Kevin Hamm at appreciation party with Volunteer Coordinator Danielle Murphy.
Kevin Hamm has 20 years’ experience in the woodworking industry. He is a self-taught wood carver and painter who holds a Bachelor’s degree in Philosophy and Theology. He recently exhibited works at the San Diego County Fair where he won 4th prize. You can join Hamm at his 3pm first Sunday bird walk at the Visitor Center each month.
The beautiful pieces will be on display from July 8 – August 19, 2016 in the bookstore. They are available for sale along with his bird photography and the proceeds allow the Friends of San Diego Wildlife Refuges to support environmental education at the Reserve. To see more of his artwork or to contact Kevin Hamm please go to his Wings in Wood Facebook page.
Kachemak Bay National Estuarine Reseaerch Reserve (Kenai Peninsula, Alaska)
Climate change impacts in Alaska are much more pronounced than in other regions of the United States. Communities in the Kenai Peninsula are already coping with a variety of impacts related to a warming climate, including reductions in wetland areas, glacial ice coverage, and freshwater availability; and increases in temperatures, ocean acidification, and harmful algal blooms.
Enhancing resiliency through collaboration
Efforts to document these recent environmental changes will be leveraged to create tangible recommendations and a long-term local strategy for adaptation to rapid climate change. Barriers hindering effective climate change planning on the peninsula include the uncertainty of future trajectories, a need for a synthesis of regional data, and limited capacity for interagency collaboration. This project aims to address these needs and help coastal communities on the Kenai Peninsula plan for a changing climate.
Drawing upon experience using scenario planning to help local communities prepare for climate change in the Tijuana River Valley (Southern California), the project team will use the best available science to facilitate local dialogue addressing how climate change may impact the Kenai Peninsula. The project will engage regional leaders and community stakeholders to collaboratively develop plausible future planning scenarios based on a wide range of possible environmental responses to a changing climate. Ultimately this process and the resulting scenarios will help to inform area resource managers and land use planners as they lay the groundwork for future research, regulation, and development. Additionally, the project will document the process and lessons learned to further demonstrate the applicability of scenario planning across geographically distinct communities.
An interdepartmental planning team from both reserves, guided by Kenai Peninsula stakeholders, will:
Synthesize climate change science and impacts – Compile the best available science on climate change impacts projected for the Kenai Peninsula.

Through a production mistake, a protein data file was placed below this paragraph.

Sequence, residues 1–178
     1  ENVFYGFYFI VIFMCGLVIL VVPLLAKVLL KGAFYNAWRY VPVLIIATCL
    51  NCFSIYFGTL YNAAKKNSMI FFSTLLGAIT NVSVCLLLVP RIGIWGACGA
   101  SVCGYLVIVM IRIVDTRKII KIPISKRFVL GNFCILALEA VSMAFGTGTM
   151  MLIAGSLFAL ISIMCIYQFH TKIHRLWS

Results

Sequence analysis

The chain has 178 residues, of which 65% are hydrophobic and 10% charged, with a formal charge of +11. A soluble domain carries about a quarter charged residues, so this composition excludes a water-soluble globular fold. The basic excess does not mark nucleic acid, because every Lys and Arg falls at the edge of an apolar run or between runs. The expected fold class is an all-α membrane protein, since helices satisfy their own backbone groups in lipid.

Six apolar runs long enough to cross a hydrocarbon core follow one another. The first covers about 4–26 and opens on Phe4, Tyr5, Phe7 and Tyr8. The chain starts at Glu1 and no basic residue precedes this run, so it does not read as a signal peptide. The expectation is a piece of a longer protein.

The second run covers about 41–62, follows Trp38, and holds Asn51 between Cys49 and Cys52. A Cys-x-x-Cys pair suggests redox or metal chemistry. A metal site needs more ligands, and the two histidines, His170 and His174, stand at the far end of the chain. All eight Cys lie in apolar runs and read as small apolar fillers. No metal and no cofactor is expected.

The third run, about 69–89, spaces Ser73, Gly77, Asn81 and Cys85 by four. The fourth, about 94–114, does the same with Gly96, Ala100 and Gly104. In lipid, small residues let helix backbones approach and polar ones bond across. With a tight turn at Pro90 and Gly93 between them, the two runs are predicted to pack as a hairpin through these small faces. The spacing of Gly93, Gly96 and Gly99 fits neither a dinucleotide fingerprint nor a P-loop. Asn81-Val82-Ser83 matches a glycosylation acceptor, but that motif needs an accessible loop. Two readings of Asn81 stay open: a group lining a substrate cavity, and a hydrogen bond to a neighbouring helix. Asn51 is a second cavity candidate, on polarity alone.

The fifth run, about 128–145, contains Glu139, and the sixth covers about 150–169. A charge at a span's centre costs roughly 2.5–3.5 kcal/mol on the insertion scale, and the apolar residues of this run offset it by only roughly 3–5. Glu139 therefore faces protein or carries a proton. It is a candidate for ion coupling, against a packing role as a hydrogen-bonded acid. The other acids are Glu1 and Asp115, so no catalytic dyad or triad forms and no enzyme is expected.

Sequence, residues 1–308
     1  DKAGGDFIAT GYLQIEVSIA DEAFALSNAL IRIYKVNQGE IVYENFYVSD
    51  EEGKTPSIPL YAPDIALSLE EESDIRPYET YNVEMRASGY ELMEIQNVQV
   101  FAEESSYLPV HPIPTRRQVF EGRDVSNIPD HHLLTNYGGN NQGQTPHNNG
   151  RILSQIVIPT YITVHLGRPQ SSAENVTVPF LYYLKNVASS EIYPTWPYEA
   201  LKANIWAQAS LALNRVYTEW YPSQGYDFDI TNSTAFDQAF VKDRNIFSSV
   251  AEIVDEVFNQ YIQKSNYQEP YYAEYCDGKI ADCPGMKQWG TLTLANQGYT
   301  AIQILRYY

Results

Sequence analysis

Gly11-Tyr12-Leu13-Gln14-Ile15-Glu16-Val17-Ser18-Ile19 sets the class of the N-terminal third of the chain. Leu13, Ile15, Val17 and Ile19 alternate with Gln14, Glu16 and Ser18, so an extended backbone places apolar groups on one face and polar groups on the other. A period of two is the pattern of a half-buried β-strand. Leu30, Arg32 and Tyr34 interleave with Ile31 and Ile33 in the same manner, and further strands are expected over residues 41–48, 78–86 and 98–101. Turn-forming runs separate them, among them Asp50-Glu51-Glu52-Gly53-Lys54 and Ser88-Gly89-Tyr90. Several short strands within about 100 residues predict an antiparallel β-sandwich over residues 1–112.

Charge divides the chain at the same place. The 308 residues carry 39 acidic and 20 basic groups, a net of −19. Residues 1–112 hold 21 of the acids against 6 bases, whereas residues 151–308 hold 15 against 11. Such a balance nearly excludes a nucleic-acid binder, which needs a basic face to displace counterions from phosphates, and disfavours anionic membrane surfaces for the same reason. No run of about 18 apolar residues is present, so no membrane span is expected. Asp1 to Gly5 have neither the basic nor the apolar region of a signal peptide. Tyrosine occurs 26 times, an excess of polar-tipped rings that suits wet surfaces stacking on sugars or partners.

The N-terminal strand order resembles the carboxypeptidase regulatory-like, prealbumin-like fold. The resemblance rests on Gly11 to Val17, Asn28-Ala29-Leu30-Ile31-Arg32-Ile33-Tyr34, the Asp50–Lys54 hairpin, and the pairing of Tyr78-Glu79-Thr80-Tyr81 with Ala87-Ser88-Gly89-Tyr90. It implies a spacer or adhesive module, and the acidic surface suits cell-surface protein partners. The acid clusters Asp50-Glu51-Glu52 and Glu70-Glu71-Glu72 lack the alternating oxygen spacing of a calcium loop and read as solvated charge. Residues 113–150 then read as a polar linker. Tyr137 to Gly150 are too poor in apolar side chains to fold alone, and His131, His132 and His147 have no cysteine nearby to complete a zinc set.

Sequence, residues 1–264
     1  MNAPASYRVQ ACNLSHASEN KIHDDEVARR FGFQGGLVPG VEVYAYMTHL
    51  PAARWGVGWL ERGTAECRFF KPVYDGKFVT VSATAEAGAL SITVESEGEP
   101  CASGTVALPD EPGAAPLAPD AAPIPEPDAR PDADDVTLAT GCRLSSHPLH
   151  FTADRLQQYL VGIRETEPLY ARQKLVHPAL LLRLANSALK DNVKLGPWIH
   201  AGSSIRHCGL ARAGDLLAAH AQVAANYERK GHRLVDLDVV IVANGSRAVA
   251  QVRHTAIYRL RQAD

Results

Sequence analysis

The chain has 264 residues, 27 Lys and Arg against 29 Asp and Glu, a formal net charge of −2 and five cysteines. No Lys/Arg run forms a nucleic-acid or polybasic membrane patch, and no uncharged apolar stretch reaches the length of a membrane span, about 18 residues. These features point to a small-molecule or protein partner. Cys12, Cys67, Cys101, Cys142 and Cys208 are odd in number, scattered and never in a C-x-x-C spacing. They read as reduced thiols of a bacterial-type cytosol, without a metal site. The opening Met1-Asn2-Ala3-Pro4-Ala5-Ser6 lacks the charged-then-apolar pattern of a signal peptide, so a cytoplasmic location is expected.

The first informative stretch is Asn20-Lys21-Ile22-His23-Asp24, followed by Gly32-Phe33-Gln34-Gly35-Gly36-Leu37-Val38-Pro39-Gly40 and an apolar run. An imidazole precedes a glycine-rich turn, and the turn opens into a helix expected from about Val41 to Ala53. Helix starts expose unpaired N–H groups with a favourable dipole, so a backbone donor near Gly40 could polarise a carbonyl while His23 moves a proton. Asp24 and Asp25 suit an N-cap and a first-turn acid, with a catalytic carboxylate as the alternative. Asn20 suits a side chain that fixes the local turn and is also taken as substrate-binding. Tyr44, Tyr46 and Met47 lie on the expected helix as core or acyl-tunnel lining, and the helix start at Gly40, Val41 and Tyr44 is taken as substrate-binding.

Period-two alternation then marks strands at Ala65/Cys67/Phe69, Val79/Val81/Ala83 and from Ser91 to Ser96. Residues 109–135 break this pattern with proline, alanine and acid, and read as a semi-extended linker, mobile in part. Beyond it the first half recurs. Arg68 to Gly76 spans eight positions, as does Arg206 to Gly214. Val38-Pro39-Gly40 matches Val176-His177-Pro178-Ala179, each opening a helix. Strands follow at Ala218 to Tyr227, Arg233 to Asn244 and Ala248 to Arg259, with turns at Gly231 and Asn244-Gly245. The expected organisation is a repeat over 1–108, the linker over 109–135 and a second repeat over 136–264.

Identify priorities – Informally survey stakeholders to gain insight into local climate observations, risk perceptions, and regional perspectives on steps needed for successful community adaptation.
Engage stakeholders – Convene stakeholders to provide an overview of the best available science on local climate change impacts and compile community climate scenarios to inform local decision-making processes and management actions.
Document lessons learned – The process and lessons learned will be documented and distributed broadly throughout the reserve system.
Apply project results – Kachemak Bay Reserve will utilize the climate scenarios developed in this project to inform future data collection priorities, and advance local adaptation planning and actions.
This project aims to help empower and support stakeholders in the Kenai Penninsula, providing them with a framework from which they can work towards a common vision for the future of their community in the face of a changing climate. Anticipated benefits include:
Increased awareness and understanding of climate change science and vulnerabilities among Kenai Peninsula decision makers.
Strengthened stakeholder network to address a changing climate and increase coastal resilience.
Expanded regional capacity to prepare for climate change with tangible adaptation actions.
About the Science Collaborative
The National Estuarine Research Reserve System’s Science Collaborative supports collaborative research that addresses coastal management problems important to the reserves. The Science Collaborative is managed by the University of Michigan’s Water Center through a cooperative agreement with the National Oceanic and Atmospheric Administration (NOAA). Funding for the research reserves and this program comes from NOAA. Learn more at www.coast.noaa.gov/nerrs or www.graham.umich.edu/water/nerrs.
San Diego Organizations Receive Landmark Federal Funding to Help Prepare Local Communities for Coastal Storms & Flooding
February 4, 2016